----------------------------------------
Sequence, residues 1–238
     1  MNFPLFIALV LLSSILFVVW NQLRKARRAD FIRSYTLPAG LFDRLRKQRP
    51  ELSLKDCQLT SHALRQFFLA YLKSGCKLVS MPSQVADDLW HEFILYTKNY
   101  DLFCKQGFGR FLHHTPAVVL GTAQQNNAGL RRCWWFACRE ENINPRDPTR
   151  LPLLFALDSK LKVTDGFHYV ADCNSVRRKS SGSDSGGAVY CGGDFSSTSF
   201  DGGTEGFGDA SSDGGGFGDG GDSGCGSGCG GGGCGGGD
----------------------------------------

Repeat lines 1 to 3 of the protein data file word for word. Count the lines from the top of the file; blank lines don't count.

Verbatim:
Sequence, residues 1–238
     1  MNFPLFIALV LLSSILFVVW NQLRKARRAD FIRSYTLPAG LFDRLRKQRP
    51  ELSLKDCQLT SHALRQFFLA YLKSGCKLVS MPSQVADDLW HEFILYTKNY